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Often when I'm playing with Haskell code, I stub things out with a type annotation and undefined.

foo :: String -> Int
foo = undefined

Is there a type-level "undefined" that I could use in a similar way?

(Ideally, in conjunction with a kind annotation)

type Foo :: * -> *
type Foo = Undefined

Further thought on the same thread: is there a way for me to stub out typeclass instances for types created this way? An even easier way than the following theoretical way?

instance Monad Foo where
  return = undefined
  (>>=) = undefined
share|improve this question
up vote 23 down vote accepted

You can use EmptyDataDecls to stub out a type, and with KindSignatures you can give it a kind:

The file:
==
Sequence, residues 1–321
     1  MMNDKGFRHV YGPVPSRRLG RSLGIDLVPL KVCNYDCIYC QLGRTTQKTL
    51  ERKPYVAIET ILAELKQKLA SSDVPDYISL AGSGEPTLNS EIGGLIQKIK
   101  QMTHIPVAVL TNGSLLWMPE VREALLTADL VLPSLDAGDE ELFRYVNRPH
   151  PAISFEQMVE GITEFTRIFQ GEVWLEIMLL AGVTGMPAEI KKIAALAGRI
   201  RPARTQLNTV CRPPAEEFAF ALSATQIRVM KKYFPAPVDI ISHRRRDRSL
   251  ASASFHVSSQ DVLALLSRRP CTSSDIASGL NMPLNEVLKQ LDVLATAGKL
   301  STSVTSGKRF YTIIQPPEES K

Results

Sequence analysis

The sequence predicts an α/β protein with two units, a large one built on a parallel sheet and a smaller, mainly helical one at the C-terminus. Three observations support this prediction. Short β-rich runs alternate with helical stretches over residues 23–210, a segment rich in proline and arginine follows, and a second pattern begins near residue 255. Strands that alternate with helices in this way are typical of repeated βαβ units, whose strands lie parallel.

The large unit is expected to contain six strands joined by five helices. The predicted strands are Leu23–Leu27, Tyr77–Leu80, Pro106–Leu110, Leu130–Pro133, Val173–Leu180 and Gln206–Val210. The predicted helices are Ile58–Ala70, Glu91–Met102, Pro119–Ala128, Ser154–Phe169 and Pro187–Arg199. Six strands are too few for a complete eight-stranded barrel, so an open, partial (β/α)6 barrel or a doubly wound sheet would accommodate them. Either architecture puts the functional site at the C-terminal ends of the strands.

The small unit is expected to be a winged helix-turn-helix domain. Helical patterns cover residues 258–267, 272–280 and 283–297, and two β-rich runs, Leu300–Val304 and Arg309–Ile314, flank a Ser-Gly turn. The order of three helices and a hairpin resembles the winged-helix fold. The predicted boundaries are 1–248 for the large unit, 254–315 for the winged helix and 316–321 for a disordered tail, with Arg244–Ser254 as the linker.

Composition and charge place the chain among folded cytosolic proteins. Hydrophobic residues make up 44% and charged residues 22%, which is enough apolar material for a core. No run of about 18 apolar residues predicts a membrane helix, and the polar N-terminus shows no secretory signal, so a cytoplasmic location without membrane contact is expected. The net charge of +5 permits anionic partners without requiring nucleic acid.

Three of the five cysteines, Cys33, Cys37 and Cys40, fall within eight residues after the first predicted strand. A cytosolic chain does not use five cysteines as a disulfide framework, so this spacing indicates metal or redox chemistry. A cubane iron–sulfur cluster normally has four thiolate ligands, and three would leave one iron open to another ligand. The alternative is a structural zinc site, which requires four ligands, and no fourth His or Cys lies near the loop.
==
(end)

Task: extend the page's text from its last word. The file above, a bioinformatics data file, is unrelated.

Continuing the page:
{-# LANGUAGE EmptyDataDecls, KindSignatures #-}

data Foo :: * -> *

You can also stub out the Monad instance without warnings with this option to GHC.

{-# OPTIONS_GHC -fno-warn-missing-methods #-}

instance Monad Foo

And then you don't need to leave any implementation for return and >>=.

share|improve this answer
Nice! Exactly what I was looking for; it's even more convenient because you don't have to write Foo = Undefined! And kind signatures! Awesomesauce. – Dan Burton Jan 27 '12 at 19:02
I believe it's not the same as a type alias -- when you introduce a new Data, there's no chance that Foo a = a. So, it's not the same as the question's code, which may be fine. – gatoatigrado Jan 27 '12 at 20:21
@gatoatigrado : I think the requirement was just a placeholder for a type yet to be written, not a type alias per se, and then this is an appropriate solution. Anyway, glad to help you Dan! – danr Jan 28 '12 at 1:58

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